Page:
"James A. Donald" <[EMAIL PROTECTED]> writes:

>I never figured out how to use a certificate to authenticate a client to a
>web server, how to make a web form available to one client and not another.
>Where do I start?

There's a two-level answer to this problem.  At an abstract level, doing
client certs isn't hard, there are various HOWTOs around for Apache, Microsoft
have Technet/MSDN papers on it for IIS, etc etc.  At a practical level, it's
almost never used because it's just Too Hard.  That's not the SSL client-cert
part, it's the using-X.509 part.  To save having to type in a long
explanation, I'll lift a representative paragraph from a (not-yet-published,
don't ask :-) paper on PKI usability:

  There is considerable evidence from mailing lists, Usenet newsgroups and web
  forums, and directly from the users themselves, that acquiring a certificate
  is the single biggest hurdle faced by users [1].  For example various user
  comments indicate that it takes a skilled technical user between 30 minutes
  and 4 hours work to obtain a certificate from a public CA that performs
  little to no verification, depending on the CA and the procedure being
  followed.  Obtaining one from non-public CAs that carry out various levels
  of verification before issuing the certificate can take as long as a month.
  A representative non-technical user who tried to obtain an (unverified)
  certificate from a public CA took well over an hour for the process, which
  involved [...] eventually the user gave up.

and that doesn't even get into the mess of managing private keys, handling
revocation, etc etc etc ad nauseum:

  The problems that this creates are demonstrated by what happens when
  technically skilled users are required to work with certificates.  The
  OpenSSL toolkit [2][3] includes a Perl script CA.pl that allows users to
  quickly generate so-called clown suit certificates (ones that 'have all the
  validity of a clown suit' when used for identification purposes [4]), which
  is widely-used in practice.  The cryptlib toolkit [5][6] contains a similar
  feature in the form of Xyzzy certificates (added with some resistance and
  only after the author grew tired of endless requests for it), ones with
  dummy X.500 names, an effectively infinite lifetime, and no restrictions on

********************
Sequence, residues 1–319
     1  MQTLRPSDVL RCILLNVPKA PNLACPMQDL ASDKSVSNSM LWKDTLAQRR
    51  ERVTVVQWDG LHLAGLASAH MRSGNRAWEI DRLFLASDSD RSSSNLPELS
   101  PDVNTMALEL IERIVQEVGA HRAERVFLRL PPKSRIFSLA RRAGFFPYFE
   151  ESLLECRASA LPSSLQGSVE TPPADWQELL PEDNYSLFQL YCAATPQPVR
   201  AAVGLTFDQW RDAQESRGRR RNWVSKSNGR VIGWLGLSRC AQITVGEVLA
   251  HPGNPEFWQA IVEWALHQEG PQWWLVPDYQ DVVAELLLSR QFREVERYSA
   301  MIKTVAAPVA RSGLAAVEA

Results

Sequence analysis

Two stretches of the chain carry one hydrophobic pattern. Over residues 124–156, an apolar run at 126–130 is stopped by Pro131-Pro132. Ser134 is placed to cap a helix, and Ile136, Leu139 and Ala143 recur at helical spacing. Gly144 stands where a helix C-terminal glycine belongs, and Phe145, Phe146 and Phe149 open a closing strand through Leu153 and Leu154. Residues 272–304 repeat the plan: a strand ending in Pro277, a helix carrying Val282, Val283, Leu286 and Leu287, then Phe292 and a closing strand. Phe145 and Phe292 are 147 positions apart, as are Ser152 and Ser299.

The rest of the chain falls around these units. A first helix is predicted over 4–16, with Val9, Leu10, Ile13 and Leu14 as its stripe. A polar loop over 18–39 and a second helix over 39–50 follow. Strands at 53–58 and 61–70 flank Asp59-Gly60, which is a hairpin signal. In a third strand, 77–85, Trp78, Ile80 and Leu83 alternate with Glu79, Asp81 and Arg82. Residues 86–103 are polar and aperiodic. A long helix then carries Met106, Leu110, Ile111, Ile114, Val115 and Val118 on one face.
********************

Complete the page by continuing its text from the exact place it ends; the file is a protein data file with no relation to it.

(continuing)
usage.  Most commercial toolkits include similar capabilities, usually
  disguised as 'test certificates' for development purposes only, which end up
  being deployed in live environments because it.s too difficult to do it the
  way X.509 says it should be done.  Certificates used with mailers that
  support the STARTTLS option consist of ones that are 'self-signed, signed-by
  the default Snake Oil CA, signed by an unknown test CA, expired, or have the
  wrong DN' [7].  The producer of one widely-used Windows MUA reports that in
  their experience 90% of the STARTTLS-enabled servers that they encounter use
  self-signed certificates [8].  This reduces the overall security of the
  system to that of unauthenticated Diffie-Hellman key exchange, circa 1976.
  In all of these cases, the entire purpose of certificates has been
  completely short-circuited by users because it.s just too difficult to do
  the job properly.  The problematic nature of X.509 is echoed in publications
  both technical and non-technical, with conference papers and product
  descriptions making a feature of the fact that their design or product works
  without requiring a PKI.  For example, one recent review of email security
  gateways made a requirement for consideration in the review that the product
  'have no reliance on PKI' [9].  As an extreme example of this, the inaugural
  PKI Research Workshop, attended by expert PKI users, required that
  submitters authenticate themselves with plaintext passwords because of the
  lack of a PKI to handle the task [10][11].

>As a result we each have a large number of shared secret passwords, whereby
>we each log into a large number of webservers.  Was this what the people who
>created this protocol intended?

The assumption of the protocol's creators was that someone would figure out
how to make X.509 PKI work by the time SSL took off, and everyone would have
their own certificates and whatnot.

At least they got *most* of the design right :-).


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